Over $80 Billion Spent by Nuclear Horns on Nuclear Weapons Last Year: Daniel

Explosive Costs: Over $80 Billion Spent on Nuclear Weapons Last Year

You can add one more thing to all of the uncertainties and causes of concern in twenty-first-century life: countries are spending more on nuclear weapons. 

That’s according to the latest annual reportfrom the International Campaign to Abolish Nuclear Weapons (ICAN), which found that in 2021, nine states spent $82.4 billion on nuclear weapons, an inflation-adjusted jump from the year before. According to the report, the world spent more than $156,000 on nuclear weapons every minute.

The nine nuclear states studied were: the United States, China, Russia, the United Kingdom, France, India, Israel, Pakistan, and North Korea.

The report also analyzes companies involved in the purchase of such weapons, including Bechtel, Boeing, Honeywell, Lockheed Martin, Northrop Grumman, and Raytheon, as well as several think tanks. 

“This report shows that nuclear weapons don’t work. Nuclear-armed states increased spending by $6.5 billion in 2021 and couldn’t prevent a nuclear-armed aggressor from starting a war in Europe,” Alicia Sanders-Zakre, policy and research coordinator at ICAN, said at the report’s announcement. “This is why we need multilateral disarmament more than ever. The first meeting of states parties to the Treaty on the Prohibition of Nuclear Weapons … in June could not come at a better time.”

Nuclear weapons spending in 2021 was split between countries and the private sector. Companies based in the United States, the United Kingdom, and France were awarded $30 billion in new contracts in 2021, twice as much as the previous year. 

“The nuclear weapons industry received at least $32 billion for nuclear weapons-related work in 2021. A couple dozen companies, and their boards, have a vested interest in keeping nuclear weapons around forever,” Susi Snyder, financial sector coordinator at ICAN, said in the same release. 

“That’s why they spend millions on lobbyists, funding think tanks, and their board members sit in on elite foreign policy discussions so that the contracts will continue to 2070, and beyond. Fortunately, not everyone is buying what they’re selling, and investors are coming together to support the [Treaty on the Prohibition of Nuclear Weapons] at the upcoming meeting of States Parties, because they know an industry that profits from weapons of mass destruction is not a sustainable or secure investment.”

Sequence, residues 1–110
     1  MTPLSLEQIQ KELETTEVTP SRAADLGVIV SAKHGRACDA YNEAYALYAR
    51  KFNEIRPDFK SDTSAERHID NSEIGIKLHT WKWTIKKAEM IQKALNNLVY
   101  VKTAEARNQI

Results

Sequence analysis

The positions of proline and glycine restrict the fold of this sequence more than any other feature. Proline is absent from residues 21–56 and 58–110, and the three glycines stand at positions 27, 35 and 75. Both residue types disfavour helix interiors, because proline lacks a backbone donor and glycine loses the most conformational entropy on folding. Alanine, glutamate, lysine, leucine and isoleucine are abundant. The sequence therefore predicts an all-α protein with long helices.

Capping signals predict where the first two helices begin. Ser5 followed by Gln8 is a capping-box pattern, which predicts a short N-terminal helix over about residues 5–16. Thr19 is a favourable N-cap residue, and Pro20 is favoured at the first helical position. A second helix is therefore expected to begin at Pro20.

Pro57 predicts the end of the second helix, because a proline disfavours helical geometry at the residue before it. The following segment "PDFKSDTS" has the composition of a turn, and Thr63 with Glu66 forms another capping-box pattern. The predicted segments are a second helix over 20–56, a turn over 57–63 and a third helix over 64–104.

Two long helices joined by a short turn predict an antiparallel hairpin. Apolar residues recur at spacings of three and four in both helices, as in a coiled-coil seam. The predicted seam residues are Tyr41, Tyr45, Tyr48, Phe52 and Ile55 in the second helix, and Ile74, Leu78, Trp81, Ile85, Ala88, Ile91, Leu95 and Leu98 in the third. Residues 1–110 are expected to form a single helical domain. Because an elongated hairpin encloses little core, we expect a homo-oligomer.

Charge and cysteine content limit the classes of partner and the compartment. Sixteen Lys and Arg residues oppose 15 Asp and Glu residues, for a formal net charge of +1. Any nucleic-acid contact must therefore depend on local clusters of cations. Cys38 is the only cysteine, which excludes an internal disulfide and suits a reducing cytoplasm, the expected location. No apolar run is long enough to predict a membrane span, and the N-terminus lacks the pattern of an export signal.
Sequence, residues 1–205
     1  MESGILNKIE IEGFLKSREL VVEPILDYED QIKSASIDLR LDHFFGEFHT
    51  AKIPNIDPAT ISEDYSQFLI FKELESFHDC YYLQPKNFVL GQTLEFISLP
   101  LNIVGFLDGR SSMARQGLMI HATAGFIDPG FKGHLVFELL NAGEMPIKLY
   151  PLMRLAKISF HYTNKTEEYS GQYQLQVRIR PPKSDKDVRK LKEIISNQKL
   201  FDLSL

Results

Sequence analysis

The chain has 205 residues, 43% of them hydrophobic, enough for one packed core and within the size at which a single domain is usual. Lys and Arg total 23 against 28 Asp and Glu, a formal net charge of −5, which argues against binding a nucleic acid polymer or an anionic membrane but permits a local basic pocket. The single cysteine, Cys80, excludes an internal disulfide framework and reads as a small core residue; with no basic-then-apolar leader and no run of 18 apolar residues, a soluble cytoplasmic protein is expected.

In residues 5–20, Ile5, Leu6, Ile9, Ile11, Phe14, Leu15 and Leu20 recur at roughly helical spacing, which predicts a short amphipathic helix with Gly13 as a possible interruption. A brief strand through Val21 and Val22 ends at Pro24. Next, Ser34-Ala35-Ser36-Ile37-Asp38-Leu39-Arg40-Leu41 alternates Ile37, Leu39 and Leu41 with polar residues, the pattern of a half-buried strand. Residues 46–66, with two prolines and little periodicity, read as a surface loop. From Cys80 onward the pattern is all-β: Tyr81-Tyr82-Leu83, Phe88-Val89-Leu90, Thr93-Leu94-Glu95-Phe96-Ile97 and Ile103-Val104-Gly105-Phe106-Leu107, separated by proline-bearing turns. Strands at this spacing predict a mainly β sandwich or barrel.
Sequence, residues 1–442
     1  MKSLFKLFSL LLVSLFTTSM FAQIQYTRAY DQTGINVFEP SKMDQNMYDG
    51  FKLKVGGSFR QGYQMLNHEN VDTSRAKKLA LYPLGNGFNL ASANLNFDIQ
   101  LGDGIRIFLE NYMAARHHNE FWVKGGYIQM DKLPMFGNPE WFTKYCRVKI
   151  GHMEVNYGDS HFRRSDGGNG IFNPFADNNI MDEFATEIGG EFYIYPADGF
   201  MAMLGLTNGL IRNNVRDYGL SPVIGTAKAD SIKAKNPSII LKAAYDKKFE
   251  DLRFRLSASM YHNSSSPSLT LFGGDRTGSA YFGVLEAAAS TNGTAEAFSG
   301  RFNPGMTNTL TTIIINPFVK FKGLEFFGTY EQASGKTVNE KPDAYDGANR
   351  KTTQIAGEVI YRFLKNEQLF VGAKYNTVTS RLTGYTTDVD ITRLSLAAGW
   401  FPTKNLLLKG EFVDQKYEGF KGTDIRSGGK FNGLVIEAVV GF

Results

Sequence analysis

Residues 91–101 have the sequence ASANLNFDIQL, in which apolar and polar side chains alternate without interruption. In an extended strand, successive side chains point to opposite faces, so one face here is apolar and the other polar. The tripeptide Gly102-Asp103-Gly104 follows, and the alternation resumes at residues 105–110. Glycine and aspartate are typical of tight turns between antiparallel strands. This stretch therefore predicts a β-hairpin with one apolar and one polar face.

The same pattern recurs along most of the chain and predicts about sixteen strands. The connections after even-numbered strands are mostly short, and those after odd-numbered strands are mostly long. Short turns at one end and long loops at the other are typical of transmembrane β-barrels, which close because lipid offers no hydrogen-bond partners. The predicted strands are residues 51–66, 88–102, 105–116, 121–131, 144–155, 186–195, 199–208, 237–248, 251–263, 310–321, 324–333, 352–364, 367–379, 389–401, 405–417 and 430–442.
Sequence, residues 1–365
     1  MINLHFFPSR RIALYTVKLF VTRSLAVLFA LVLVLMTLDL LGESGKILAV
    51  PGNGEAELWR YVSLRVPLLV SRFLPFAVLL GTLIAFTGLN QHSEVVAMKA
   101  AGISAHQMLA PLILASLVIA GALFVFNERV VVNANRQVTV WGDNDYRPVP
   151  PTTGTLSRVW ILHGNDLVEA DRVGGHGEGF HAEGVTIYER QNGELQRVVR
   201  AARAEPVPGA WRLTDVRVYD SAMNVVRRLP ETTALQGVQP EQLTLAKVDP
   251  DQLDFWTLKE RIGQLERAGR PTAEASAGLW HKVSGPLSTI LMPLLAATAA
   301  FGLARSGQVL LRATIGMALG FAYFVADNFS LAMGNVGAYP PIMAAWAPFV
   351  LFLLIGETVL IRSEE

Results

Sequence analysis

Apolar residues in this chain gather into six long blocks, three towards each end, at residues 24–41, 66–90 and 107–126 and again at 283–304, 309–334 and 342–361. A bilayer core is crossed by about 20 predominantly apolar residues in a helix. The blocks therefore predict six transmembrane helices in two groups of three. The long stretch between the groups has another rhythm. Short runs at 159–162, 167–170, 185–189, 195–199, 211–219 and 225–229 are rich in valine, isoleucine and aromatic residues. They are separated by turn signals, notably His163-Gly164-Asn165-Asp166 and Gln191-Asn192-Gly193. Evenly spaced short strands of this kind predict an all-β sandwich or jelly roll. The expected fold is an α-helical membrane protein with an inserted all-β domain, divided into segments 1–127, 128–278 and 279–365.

As the report only covers 2021, it does not discuss the Russian invasion of Ukraine, which served to upend geopolitics.

“As companies throw money at lobbyists and researchers to assert the continued relevance and value of nuclear weapons, the record shows the inutility of weapons of mass destruction to address modern security challenges—and the legitimate fear that they can end civilisation as we know it,” the report argued. 

Stephen Silver, a technology writer for The National Interest, is a journalist, essayist and film critic, who is also a contributor to The Philadelphia Inquirer, Philly Voice, Philadelphia Weekly, the Jewish Telegraphic Agency, Living Life Fearless, Backstage magazine, Broad Street Review and Splice Today. The co-founder of the Philadelphia Film Critics Circle, Stephen lives in suburban Philadelphia with his wife and two sons. Follow him on Twitter at @StephenSilver.

Image: Reuters.

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